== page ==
If you have owned an animal – any animal, you will no doubt be aware that they can cost money. Not all cost the earth but trust us when we tell you that horses are among the more expensive to own. Ponies are often admired by children; it looks such fun, saddling them up and riding. Without any doubt, this is true and horses are beautiful animals – but the $64,000 (sometimes literally!) is “Are they practical pets?” Furthermore, should you get one?
The answer will depend on several factors and one of the most prevalent that most budding horse owners will face, especially children, is the cost of ownership. Horses are They’re obviously large animals and large animals eat a lot! So how much does it cost to own a horse?
Like most things, the answer can vary depending on things like where you live, where the horse will be kept, what kind of horse you are buying and more. The cost of owning a horse is more than simply purchasing the animal – you will need to take in to account things housing it, the food, health care and more – to name just a few.
The costs can be as little as $500 right up to $100,000s depending on your budget and in some cases you may be able to find a horse in need of a home for free. If you are very specific about a certain look or type of breed then the cost will likely increase.
Where will your horse live?
Now you have bought your horse the next consideration is where to keep it and on what basis. If you wish to keep it at home you will likely need at least a couple of acres of fenced-in land with adequate barn space.Depending upon the services provided, boarding can cost several hundred dollars per month or more. Horses usually eat a lot and often require various vitamins and supplements which means you can count on spending over $100 each month on food. If you feed your horse grains, that amount can be even higher!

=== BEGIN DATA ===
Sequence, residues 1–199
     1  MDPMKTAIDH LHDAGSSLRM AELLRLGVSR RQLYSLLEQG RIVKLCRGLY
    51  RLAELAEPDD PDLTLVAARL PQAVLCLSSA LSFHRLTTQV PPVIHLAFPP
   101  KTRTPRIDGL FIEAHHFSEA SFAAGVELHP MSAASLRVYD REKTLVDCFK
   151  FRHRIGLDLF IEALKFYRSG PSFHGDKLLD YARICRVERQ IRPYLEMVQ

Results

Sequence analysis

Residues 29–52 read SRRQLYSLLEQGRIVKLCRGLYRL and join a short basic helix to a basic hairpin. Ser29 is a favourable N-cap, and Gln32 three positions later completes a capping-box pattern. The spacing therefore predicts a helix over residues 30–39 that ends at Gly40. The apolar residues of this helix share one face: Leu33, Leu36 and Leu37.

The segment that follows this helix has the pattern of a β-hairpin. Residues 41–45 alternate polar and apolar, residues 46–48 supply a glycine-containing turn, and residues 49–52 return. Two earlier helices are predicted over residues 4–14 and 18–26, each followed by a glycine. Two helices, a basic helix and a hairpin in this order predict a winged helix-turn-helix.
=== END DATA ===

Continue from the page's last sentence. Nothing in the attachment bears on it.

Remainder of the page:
Shoeing your horse
Hooves need to be checked and trimmed by a specialist called a Farrier and this will need to be done between every 4 and 8 weeks. Simple trims can cost as little as $25 but complete shoeing can easily approach $100.
From teeth cleaning (usually annually) to vaccinations, horses require a variety of services that can add $300 (or a LOT more) to your annual horse care budget.
Riding supplies and equipment
These “riding items” can include equestrian clothing, bridles, bits and brushes. The American Quarter Horse Association estimates these expenses can approach as much as $2,000.The American Association of Equine Practitioners estimates the minimum annual cost of owning a healthy horse — not including stabling costs — to be at least $2,500. Other horse-related organizations estimate that figure to be at least $3,600.UK COSTS
With all of the above taken in to account, millions of people find ways to own their own horse and horse lovers will tell you they are worth every cent. Whether they are indeed “affordable” and “worth the money” is a question only you can answer!